even in its littleness is not devoid of a certain breadth; and best of all
he liked the vast interests at stake, the large questions at issue, the
fortunes of states, the fate of dynasties! To come down from the great
game, as played by kings and kaisers, to the small traffic of a local
government wrangling over a road-bill, or disputing over a harbour, seemed
too horrible to confront, and he eagerly begged the Minister to allow him
to return to his post, and not risk a hard-earned reputation on a new and
untried career.

'It is precisely from the fact of its being new and untried I need you,'
was the reply, and his denial was not accepted.

Refusal was impossible; and with all the reluctance a man consents to what
his convictions are more opposed to even than his reasons, Lord Danesbury
gave in, and accepted the viceroyalty of Ireland.

He was deferential to humility in listening to the great aims and noble
conceptions of the mighty Minister, and pledged himself--as he could safely
do--to become as plastic as wax in the powerful hands which were about to
remodel Ireland.

He was gazetted in due course, went over to Dublin, made a state entrance,
received the usual deputations, complimented every one, from the Provost of
Trinity College to the Chief Commissioner of Pipewater; praised the coast,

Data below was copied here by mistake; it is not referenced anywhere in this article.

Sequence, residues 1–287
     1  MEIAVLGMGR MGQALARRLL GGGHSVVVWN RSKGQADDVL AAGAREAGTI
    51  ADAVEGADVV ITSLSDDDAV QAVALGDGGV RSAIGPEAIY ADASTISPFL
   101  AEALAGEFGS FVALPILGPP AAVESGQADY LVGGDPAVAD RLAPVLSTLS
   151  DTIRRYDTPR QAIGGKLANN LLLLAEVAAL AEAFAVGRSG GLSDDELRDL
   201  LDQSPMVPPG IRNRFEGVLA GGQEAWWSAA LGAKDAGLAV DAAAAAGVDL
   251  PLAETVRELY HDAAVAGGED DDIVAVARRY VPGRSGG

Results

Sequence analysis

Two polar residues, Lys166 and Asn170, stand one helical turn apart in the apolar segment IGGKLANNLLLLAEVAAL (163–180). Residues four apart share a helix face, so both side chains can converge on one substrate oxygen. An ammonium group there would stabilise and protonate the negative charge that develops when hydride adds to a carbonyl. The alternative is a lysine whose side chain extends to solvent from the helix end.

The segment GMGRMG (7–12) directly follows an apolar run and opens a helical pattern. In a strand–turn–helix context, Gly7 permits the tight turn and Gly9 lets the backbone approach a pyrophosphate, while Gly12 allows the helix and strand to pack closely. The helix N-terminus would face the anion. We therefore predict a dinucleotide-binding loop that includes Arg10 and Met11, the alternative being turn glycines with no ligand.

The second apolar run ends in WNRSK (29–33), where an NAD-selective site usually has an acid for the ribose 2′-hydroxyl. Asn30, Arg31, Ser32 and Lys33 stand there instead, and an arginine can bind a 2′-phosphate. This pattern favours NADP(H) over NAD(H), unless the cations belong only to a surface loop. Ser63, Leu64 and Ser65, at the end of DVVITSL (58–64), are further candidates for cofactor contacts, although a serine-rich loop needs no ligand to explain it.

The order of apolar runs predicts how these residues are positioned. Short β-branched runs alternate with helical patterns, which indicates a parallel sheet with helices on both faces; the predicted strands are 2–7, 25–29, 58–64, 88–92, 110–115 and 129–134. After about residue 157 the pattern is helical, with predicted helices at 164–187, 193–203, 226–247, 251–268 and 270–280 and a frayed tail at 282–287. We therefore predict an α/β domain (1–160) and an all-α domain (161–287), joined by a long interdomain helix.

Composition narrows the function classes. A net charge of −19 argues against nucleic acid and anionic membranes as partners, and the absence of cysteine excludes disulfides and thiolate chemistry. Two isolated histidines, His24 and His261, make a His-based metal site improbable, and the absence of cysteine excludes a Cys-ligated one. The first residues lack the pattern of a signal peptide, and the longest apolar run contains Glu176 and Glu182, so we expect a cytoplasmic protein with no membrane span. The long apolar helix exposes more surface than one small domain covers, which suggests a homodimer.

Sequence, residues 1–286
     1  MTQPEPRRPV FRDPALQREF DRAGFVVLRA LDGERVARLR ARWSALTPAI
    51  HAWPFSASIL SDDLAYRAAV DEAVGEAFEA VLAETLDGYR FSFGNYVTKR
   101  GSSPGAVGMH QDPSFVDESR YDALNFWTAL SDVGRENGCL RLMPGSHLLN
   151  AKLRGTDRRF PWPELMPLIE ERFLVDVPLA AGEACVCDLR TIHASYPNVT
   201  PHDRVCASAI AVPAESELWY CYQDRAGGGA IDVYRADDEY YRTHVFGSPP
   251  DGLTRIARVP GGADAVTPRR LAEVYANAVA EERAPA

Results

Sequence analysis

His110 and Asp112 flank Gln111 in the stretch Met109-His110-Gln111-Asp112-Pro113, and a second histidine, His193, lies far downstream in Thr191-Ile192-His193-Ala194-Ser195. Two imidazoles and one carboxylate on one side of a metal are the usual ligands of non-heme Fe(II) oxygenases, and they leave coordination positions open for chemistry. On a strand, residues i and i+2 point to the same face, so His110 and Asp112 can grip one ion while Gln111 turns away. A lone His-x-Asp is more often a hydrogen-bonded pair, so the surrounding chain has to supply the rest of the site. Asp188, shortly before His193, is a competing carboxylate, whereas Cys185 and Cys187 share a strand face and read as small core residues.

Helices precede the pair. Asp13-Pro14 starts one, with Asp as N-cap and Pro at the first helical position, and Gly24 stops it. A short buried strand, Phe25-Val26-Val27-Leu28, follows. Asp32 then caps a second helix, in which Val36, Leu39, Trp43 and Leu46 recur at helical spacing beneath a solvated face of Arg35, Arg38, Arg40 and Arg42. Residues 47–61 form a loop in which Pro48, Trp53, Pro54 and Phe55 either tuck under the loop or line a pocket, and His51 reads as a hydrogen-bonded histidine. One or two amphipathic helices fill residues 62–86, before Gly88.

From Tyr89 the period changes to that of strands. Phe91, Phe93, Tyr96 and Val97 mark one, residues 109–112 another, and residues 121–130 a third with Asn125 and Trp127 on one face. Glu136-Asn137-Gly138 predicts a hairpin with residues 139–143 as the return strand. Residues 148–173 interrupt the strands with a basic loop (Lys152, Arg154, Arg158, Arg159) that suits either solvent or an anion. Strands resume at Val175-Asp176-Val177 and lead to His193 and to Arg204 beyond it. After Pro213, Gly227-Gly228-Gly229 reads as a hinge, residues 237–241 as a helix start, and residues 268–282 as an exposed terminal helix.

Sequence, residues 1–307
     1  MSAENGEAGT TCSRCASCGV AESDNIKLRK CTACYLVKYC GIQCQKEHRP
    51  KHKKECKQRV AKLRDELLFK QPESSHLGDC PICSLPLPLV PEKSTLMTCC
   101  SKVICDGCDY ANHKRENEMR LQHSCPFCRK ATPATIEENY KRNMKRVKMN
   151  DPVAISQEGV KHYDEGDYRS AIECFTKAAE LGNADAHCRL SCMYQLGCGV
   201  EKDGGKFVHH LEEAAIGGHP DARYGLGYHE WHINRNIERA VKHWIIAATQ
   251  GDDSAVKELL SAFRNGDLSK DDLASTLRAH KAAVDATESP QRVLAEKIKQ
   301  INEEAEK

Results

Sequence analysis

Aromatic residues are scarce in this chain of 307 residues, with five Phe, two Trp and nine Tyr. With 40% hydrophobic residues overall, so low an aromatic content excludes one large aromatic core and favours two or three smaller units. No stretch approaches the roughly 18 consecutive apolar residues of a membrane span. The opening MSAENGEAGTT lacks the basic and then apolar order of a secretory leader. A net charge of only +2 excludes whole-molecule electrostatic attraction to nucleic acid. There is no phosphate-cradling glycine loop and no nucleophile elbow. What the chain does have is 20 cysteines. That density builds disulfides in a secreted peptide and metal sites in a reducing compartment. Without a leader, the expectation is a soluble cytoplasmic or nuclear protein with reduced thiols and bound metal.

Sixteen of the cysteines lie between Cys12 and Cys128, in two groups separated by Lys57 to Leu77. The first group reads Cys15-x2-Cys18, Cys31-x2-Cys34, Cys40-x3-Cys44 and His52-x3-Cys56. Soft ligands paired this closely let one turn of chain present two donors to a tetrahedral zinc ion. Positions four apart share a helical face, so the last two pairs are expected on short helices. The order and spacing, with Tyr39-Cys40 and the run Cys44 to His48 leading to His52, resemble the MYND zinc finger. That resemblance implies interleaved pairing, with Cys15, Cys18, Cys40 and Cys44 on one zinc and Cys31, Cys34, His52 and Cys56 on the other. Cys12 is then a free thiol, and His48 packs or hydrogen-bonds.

the corporation, and the city; declared that he had at length reached the
highest goal of his ambition; entertained the high dignitaries at dinner,
and the week after retired to his ancestral seat in North Wales, to recruit
after his late fatigue, and throw off the effects of that damp, moist
climate which already he fancied had affected him.

He had been sworn in with every solemnity of the occasion; he had sat on
the throne of state, named the officers of his household, made a master of
the horse, and a state steward, and a grand chamberlain; and, till stopped
by hearing that he could not create ladies and maids of honour, he fancied
himself every inch a king; but now that he had got over to the tranquil
quietude of his mountain home, his thoughts went away to the old channels,
and he began to dream of the Russians in the Balkan and the Greeks in
Thessaly. Of all the precious schemes that had taken him months to weave,
what was to come of them _now_? How and with what would his successor,